Nonprofessional (amateur) soccer is continuously confronted with a wide range of ethical issues. As coaches are believed to be potentially effective in counteracting unethical behavior, this study analyzes the influence of coach ethical leadership on a sample of nonprofessional soccer players (n = 436). As ethical behavior contains two dimensions, namely an inhibitive one and a prosocial one, this study examines how player-perceived coach ethical leadership affects both dimensions, by respectively assessing its influence on the player-perceived ethical climate of the club and on the affective organizational commitment of the player. Results indicate that the influence of player-perceived coach ethical leadership on the player’s affective organizational commitment is partially mediated by the player-perceived ethical climate of the club. Furthermore, the affective organizational commitment of the players is also slightly affected by their organizational tenure. Finally, these findings are discussed, next to the formulation of suggestions for practice.
Bram Constandt, Els De Waegeneer, and Annick Willem
Kathy Babiak, Lucie Thibault, and Annick Willem
This article reviewed, synthesized, and analyzed the research published on interorganizational relationships (IORs) in sport and sport-related contexts. In total, 162 articles were analyzed along the dimensions of publication rate and outlet, geographical scope, disciplinary domain, methods used, levels of analysis, setting, and theoretical framing. Results revealed an increased emphasis on composition, structure, and process dimensions of IORs. Overall, the diverse perspectives, questions, and contexts explored not only contributed to the richness of the field, but also underscored a lack of consensus in theories, concepts, and frameworks useful to assess IORs among sport organizations. Based on the gaps found, research prospects are identified including a focus on network and individual levels of analysis, comparative and cross-cultural studies, understanding the impact and outcomes of IORs and their value for innovation and organizational learning, and examining how the interconnected nature of IOR domains affect their success or failure. These are areas in the context of sport that have been largely overlooked but which could make substantial contributions to further understand IORs in sport management and its respective parent disciplines.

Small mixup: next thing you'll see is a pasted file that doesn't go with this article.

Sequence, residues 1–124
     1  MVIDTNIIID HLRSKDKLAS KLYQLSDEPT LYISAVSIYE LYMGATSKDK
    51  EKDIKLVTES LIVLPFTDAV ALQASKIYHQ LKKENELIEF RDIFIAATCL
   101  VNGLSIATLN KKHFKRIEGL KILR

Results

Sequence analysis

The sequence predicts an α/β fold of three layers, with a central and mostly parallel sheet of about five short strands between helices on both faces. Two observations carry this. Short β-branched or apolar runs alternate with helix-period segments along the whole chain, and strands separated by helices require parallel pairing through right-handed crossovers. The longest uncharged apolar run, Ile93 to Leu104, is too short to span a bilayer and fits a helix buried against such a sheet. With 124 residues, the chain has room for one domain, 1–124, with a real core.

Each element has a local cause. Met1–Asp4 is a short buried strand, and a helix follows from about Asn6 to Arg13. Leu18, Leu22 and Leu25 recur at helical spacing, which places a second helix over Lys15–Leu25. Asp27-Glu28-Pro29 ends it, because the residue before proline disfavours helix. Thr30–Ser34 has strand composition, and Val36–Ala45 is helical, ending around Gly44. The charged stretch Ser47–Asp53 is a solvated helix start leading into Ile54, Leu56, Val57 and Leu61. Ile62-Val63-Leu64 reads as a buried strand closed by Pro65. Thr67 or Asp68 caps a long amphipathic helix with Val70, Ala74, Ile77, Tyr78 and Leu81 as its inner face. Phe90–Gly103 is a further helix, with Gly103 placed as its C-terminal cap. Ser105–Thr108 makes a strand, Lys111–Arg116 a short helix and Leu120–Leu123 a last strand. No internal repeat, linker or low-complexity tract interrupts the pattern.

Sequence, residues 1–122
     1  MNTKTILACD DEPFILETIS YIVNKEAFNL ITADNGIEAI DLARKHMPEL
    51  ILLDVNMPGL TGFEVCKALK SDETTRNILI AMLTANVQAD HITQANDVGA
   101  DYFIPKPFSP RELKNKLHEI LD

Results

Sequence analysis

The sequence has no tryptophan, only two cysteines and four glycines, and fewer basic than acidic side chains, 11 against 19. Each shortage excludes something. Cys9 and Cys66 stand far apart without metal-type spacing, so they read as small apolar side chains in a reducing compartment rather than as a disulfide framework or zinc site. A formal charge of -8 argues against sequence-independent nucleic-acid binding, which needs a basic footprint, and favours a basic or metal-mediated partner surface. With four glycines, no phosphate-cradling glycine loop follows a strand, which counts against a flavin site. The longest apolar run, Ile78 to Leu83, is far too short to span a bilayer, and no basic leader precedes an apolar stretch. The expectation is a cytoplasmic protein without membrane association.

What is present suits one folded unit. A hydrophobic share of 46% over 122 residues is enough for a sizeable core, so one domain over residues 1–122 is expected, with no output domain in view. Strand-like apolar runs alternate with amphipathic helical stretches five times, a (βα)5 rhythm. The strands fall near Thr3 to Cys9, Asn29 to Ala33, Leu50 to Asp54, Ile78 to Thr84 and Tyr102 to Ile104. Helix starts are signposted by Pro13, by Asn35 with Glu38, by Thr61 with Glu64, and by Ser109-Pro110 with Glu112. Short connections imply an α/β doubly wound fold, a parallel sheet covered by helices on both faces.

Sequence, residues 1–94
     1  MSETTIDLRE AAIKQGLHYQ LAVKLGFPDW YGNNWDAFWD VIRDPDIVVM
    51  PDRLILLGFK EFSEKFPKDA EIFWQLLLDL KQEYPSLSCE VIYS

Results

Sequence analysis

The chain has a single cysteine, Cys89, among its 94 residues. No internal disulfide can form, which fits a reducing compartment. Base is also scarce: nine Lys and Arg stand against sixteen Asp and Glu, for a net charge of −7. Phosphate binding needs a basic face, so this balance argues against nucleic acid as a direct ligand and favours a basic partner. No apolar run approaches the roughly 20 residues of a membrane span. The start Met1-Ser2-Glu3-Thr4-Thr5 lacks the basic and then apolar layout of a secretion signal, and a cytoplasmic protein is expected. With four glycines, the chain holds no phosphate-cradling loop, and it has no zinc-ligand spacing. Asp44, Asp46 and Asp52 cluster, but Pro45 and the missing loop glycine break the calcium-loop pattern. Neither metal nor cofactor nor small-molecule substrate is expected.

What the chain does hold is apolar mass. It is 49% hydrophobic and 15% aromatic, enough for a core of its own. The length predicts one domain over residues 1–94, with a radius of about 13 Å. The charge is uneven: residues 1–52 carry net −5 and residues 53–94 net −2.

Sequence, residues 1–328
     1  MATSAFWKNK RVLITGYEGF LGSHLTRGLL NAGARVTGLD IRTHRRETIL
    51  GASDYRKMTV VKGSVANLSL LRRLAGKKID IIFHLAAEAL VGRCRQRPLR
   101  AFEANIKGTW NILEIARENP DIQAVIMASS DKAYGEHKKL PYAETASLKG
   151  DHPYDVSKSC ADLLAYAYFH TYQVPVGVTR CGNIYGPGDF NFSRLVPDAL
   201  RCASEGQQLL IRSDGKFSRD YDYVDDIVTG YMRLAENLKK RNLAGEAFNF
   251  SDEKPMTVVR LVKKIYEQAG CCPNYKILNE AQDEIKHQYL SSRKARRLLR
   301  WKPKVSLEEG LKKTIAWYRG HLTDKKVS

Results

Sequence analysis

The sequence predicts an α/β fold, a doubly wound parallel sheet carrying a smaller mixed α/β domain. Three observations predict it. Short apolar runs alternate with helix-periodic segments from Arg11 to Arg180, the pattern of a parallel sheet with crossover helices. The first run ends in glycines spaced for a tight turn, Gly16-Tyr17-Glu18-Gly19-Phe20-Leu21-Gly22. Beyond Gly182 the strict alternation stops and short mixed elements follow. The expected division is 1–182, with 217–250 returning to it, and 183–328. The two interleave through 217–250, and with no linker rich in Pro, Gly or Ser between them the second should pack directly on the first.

Cleo Schyvinck, Kathy Babiak, Bram Constandt, and Annick Willem
Despite the widespread growth of corporate social responsibility (CSR) initiatives in sport, the majority of professional sport teams still manage social engagement in an opportunistic manner. Tactical attempts toward CSR management can provide discrete and short-term benefits, but lack the ability to create lasting social and economic impacts. This study uses an entrepreneurship perspective to study CSR management in sport. More specifically, it builds on the concept of corporate social entrepreneurship (CSE) to study the transition toward more strategic CSR approaches. Through an in-depth study of a single professional soccer case in Belgium, the drivers of CSE and their relation to strategic CSR development and implementation were explored. The findings indicate the importance of having an intrapreneur, an enabling organization, and, to some extent, stakeholder alliances. Challenges, however, arise at the level of organizational culture and aiming for shared value creation.
Tom De Clerck, Annick Willem, Sofie Morbée, Delfien Van Dyck, and Leen Haerens
A considerable amount of research based on self-determination theory has provided evidence for the pivotal role of the coaches’ motivating style in predicting sports club members’ motivation to participate in organized sports. This study also investigated the importance of the sports club leaders’ motivating style for members’ motivation. Specifically, it focused on the relation between the leaders’ motivating style and members’ motivation via the coaches’ motivating style (i.e., trickle-down effect), hereby relying on the perceptions of sports club members (N = 210). Results pointed to the existence of a trickle-down effect, showing that the leaders’ motivating style was reflected in the coaches’ motivating style, which in turn related positively to members’ autonomous motivation and negatively to members’ amotivation. This study provides a proof of principle of the trickle-down effect in sports clubs, urging researchers to further explore this effect in the sports context.